Concrete Captains

The Concrete Captains, from left, Eric Wang, Adi Vashistha, Ira Parsons and Chas Skidmore.

A team of local middle schoolers, Ira Parsons, Eric Wang, Adi Vashistha and Chas Skidmore, competed in a national STEM (science, technology, engineering and math) event in Washington, D.C. on June 30. The team, called “Concrete Captains,” participated in eCybermission, an Army-sponsored online STEM competition for students in sixth through ninth grade, and won at both the state and regional levels before moving on to the national competition.

To compete in eCybermission, a two- to four-member student team must submit either a science- or engineering-based concept that explores or solves a community problem. Concrete Captains winning entry offers an app designed to give directions for walking or wheeling from one point to another, using routes that avoid mobility hazards like damaged sidewalks and cracked or broken concrete. They hope their design will benefit the entire community beyond the mobility challenged — including pedestrians, cyclists, skateboarders, rollerbladers and parents with strollers.

Ira Parson's late great-grandmother

Ira Parson's late great-grandmother with her modified walker.

“They talked about a variety of issues and one of the boys had been hurt while scootering. He hit some bad concrete and cut himself up,” said Audrey Skidmore, mom of Ira Parsons and the team’s adult adviser. Ira also remembered a photo of his late great-grandmother who had to use a modified walker with large wheels to go to her mailbox because the regular wheels would not make it over the concrete. “They decided this was an issue they were interested in solving,” added Skidmore.

"Tikkun olam has always been fundamental to my Jewish identity," said 13-year-old Ira who, as a fourth-grader, co-chaired an effort at his congregation that collected almost half a ton of non-perishable food for Arizona teens aging out of foster care. The family belongs to Or Adam Congregation for Humanistic Judaism, where Ira’s father, Bill Parsons, is president.

The team solicited input from Ability360, a 40-year-old Phoenix nonprofit that offers services to empower people with disabilities, including technical assistance regarding the Americans with Disabilities Act. They also reached out to ASU's Smart City Cloud Innovation Center, a collaboration between the Arizona State University and Amazon Web Services, to better understand app design.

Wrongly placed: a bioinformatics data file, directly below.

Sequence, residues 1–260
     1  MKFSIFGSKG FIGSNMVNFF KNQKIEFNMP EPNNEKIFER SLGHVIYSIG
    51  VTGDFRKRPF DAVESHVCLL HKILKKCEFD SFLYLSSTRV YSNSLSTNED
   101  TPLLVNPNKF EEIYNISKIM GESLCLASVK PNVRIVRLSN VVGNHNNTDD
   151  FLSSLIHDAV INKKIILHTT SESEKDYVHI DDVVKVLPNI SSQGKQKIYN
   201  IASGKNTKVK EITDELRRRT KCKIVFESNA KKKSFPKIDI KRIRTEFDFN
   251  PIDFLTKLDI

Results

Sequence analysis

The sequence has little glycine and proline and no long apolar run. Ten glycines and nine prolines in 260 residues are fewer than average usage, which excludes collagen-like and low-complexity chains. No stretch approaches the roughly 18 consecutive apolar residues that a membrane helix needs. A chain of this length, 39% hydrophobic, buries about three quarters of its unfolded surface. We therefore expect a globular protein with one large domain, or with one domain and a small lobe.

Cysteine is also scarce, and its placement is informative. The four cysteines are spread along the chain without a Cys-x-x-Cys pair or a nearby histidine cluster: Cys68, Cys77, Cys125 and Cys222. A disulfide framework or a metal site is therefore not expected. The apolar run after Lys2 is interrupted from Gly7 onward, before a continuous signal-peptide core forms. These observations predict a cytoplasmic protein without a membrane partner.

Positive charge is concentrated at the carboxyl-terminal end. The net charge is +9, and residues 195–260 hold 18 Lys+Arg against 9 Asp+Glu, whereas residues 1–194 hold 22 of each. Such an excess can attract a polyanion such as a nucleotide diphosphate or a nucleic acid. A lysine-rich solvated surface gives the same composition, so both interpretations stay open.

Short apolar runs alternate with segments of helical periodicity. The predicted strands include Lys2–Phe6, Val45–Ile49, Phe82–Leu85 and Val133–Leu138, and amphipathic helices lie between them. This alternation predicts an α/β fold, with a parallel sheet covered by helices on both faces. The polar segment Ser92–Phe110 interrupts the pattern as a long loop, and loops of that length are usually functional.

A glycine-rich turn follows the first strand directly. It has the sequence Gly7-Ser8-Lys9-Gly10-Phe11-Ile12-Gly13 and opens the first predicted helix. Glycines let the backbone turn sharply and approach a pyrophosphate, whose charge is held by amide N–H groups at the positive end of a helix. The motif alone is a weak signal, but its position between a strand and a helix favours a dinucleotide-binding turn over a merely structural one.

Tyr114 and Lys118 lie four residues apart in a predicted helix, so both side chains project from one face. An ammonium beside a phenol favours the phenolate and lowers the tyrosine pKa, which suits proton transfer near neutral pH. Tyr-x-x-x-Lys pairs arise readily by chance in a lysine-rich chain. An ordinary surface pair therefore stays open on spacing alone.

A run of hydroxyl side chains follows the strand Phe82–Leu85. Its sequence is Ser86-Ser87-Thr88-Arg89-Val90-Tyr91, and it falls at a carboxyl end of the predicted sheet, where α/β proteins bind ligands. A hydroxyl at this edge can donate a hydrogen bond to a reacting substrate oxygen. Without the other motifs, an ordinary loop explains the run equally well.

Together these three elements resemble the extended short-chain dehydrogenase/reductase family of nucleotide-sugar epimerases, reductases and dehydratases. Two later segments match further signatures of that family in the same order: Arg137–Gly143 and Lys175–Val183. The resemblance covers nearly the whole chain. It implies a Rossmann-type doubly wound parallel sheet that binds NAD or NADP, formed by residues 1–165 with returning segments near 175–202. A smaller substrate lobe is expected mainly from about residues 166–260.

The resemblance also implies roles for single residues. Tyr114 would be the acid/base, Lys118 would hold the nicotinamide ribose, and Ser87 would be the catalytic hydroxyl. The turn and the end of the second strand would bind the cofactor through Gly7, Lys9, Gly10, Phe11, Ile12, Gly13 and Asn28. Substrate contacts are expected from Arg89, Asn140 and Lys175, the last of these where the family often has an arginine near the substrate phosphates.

Darrel Christenson, vice president of community integration at Ability360, was impressed when he first met the middle schoolers via Zoom. “Their questions were so well spoken and thought out, I felt like I was talking to Ph.D.s,” he said. “Young people just don't think about how the environment impacts those with mobility impairments. All aspects of independent living in the community are affected by our physical environment. It's the environment that we need to continue to improve on, but it isn’t only making a difference with the physical sidewalks, it's also a huge awareness project.”

According to the Centers for Disease Control and Prevention, 1 in 4 U.S. adults — 61 million Americans — have a disability that impacts major life activities. The most common disability type, mobility, affects 1 in 7 adults. With age, disability becomes more common, affecting about 2 in 5 adults age 65 and older.

“They're still in the design phase,” said Skidmore. “They've given an initial layout for screens and accepted feedback and modified them and they're hoping if they get some attention that maybe that'll get to the point of actually being constructed and used.”

The boys hope a large company like MapQuest or Google Maps will want to work with them to include it as part of their existing services.

Ira, Eric, Adi and Chas (who is also Ira’s cousin) competed against four other teams on June 30. Almost 1,900 teams, from grades six through nine, submitted projects from across America but Concrete Captains was the only Arizona team to advance from any grade.

Although they did not win the national title, each of the boys returned home with a medal, a college-savings bond and a week of memories to last a lifetime. Skidmore said that they’re already looking forward to next year’s competition, using their invaluable experience from this year to guide them in choosing another important problem that STEM can tackle for our community.

Last year, three of the boys competed as a team to show how used cooking oil could be an environmentally responsible alternative to water for dust mitigation on construction sites. They won first place in the state’s sixth-grade competition but did not advance to the regional or national rounds.

“In the [eCybermission] competition, you can go the science or engineering route and this is the second year they picked the engineering route. They like to make and design things,” said Skidmore. “I’m proud of them.” JN